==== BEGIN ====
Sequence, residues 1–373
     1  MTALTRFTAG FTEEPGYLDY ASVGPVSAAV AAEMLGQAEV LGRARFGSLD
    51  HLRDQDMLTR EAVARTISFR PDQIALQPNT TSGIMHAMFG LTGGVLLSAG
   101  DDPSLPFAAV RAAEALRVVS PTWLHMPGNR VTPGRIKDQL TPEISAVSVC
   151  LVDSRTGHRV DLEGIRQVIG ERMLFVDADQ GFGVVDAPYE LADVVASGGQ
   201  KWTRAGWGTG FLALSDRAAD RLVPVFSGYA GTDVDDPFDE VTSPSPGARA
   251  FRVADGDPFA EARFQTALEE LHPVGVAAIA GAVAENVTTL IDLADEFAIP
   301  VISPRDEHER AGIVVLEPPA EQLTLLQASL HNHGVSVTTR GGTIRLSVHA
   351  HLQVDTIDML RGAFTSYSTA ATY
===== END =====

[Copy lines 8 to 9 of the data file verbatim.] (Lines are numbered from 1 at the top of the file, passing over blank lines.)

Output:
   301  VISPRDEHER AGIVVLEPPA EQLTLLQASL HNHGVSVTTR GGTIRLSVHA
   351  HLQVDTIDML RGAFTSYSTA ATY